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Thursday, March 11, 2010

Tutorial: Loom Flowers (without the loom!)

So, a while ago, I fell in love with loom flowers. They are such a cute accent, and you can use ribbon, raffia and all types of yarn and string to make them. I love them layered with other flowers to make accent pieces that can go in hair, on sweaters, on purses, anywhere you can clip them (Aubrey and I share and we have a ton of these things, we both love them!).

A few weeks ago, we had Recognition Night for Activity Days (this is a basically like Cub Scouts for girls at our church). I'm an assistant leader and our theme was DOTS which stands for Depend on the Savior. It was totally cute, with a dot garland, dot cupcakes and dot everything. We wanted to do something fun the girls could wear to remember the night, so I came up with these bows:

I wound a bunch of loom flowers, had some of my scrapbook flowers and buttons, and a the large polka dot flower I sewed. The girls got to layer them, then I helped them hot glue it all together and add a clip. They turned out so cute and the girls picked great color combinations! I was seriously impressed with their creativity and taste. My pink and green was sort of boring compared to the teals and oranges, or blues and purples.

Anyway, I have some looms that I bought off Etsy that work really well, but my kids broke off some of the prongs from the size I needed, so I had to improvise. One of the looms I bought (notice the circle inside the circle, also something you can do with my improvised method):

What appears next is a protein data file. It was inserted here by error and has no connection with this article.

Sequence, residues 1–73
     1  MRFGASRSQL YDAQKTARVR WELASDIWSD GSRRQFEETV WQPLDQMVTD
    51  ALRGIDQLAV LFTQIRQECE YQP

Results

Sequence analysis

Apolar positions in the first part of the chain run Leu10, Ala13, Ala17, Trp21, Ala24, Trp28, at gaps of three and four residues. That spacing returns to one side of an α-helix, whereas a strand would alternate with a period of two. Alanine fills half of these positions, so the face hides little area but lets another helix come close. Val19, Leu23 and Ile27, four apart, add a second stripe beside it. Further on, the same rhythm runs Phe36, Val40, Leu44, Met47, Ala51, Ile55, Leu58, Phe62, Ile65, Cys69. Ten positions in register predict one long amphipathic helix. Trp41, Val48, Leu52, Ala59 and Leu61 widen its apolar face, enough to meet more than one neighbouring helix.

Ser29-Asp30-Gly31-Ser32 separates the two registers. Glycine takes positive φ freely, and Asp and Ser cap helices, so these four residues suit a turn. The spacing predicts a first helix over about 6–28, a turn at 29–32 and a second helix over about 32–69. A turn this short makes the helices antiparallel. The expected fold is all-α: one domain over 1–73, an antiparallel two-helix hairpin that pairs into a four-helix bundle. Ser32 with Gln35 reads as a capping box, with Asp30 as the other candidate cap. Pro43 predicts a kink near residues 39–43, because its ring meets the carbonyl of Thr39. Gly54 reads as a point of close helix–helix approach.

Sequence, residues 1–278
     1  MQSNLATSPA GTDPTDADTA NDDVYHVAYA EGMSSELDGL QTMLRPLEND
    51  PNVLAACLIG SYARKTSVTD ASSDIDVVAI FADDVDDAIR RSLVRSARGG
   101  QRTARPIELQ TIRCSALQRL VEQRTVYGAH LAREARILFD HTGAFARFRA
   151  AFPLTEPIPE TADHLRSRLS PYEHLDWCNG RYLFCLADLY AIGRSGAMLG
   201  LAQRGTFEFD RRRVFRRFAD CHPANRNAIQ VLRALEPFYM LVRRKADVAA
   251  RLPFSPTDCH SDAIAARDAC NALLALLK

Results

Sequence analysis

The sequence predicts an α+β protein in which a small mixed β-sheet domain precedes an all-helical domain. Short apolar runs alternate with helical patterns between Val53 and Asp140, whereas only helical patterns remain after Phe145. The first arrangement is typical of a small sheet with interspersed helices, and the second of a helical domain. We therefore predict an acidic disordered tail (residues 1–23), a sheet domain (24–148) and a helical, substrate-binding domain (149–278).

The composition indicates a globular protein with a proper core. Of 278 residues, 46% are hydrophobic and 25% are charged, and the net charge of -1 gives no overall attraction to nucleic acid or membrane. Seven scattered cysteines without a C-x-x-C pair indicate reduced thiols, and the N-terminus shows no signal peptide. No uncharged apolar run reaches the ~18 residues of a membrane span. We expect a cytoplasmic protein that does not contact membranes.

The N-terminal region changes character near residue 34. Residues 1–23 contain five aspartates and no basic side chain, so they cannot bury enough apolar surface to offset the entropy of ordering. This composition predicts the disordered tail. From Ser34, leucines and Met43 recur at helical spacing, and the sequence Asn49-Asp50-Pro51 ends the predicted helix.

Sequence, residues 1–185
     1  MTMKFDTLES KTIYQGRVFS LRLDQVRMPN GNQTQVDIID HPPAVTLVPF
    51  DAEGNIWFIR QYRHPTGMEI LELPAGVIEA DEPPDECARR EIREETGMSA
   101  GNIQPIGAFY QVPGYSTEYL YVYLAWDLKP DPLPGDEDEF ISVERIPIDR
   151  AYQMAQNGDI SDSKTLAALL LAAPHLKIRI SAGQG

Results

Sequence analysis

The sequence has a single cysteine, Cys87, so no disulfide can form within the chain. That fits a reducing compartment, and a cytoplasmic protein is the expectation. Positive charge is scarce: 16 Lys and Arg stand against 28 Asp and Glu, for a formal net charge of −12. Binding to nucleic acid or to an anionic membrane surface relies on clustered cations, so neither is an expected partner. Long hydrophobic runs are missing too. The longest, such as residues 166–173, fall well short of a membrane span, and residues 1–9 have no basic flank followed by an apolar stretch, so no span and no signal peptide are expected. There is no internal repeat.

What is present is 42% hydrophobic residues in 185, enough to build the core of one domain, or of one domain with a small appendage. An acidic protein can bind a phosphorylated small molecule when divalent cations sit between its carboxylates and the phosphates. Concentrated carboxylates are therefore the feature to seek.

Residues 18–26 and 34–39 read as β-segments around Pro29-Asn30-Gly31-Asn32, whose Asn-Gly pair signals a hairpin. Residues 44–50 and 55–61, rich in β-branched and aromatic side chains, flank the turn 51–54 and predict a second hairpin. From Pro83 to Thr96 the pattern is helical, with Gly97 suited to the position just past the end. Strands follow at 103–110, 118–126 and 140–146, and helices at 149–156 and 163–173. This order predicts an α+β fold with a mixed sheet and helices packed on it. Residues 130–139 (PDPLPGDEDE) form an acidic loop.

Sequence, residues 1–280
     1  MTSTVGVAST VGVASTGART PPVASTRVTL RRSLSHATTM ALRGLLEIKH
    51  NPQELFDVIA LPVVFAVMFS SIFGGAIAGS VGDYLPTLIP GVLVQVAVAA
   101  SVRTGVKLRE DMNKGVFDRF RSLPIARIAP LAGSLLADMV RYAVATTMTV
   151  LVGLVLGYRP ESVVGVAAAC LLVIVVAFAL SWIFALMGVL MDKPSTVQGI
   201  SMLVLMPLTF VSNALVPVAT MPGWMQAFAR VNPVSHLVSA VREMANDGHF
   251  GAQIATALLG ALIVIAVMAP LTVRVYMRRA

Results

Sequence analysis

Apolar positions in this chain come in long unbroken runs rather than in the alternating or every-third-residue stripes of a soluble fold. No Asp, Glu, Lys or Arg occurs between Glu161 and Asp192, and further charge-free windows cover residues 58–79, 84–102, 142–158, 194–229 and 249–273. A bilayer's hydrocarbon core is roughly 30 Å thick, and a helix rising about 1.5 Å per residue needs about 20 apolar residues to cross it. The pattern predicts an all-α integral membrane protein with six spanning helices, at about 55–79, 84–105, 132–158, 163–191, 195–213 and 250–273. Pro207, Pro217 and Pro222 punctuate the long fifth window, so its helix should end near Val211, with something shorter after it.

First, you need a piece of styrofoam. You could also potentially drill holes into a piece of wood for a more permentant loom, but the stryofoam works great, since you can pick any size (from about 1" to 5") and number of loops.

First, I used a cup in the right size to make my circle. I actually found this particular cup really useful, since I used the lines to space the nails. You don't have to be exact on this, which is another nice thing. The flowers are pretty forgiving. I pressed the nails fairly far into the styrofoam, and angled them just slightly toward the cup.


Ok, once you have your circle made, it's time to start winding. I secured the end with a pin. Then wind around the nails, going across the circle. I've numbered the nails in this photo so you can get an idea:
 

Wind loosely, not pulling on the nails, but using them as a guide. Once you get going, it will look like this:

Keep going until you've gone around at least three times. I choose to do five rounds for this flower. You can check to make sure they are all even by counting the loops on each nail.

Cut your yarn, leaving at least 18" tail. Thread this on a needle. Pulling it across the flower, as if to make another loop, place the needle under all the yarn loops on that nail.

Pull taut. Go around the opposite side of the loop, down underneath two of the loops, then pull up through the top. This will secure a loop around each "petal."  Repeat this step until each petal is secure. You can also do this step in a contrasting color or with a different type of material (thin ribbon, raffia, etc) for a very cool effect.
 

Once that is finished, stick the needle into the middle.

If you have more flowers to wind, gently pull the petals off the nails, leaving them behind. If you are done, pull the nails out of the styrofoam.

Pull the tail through the middle to the back. Gentle tie the ends together (don't pull to hard or the loops will pull through) in a square knot. Trim ends.
 Finished flower:

Another view of the finished flower and the bow:

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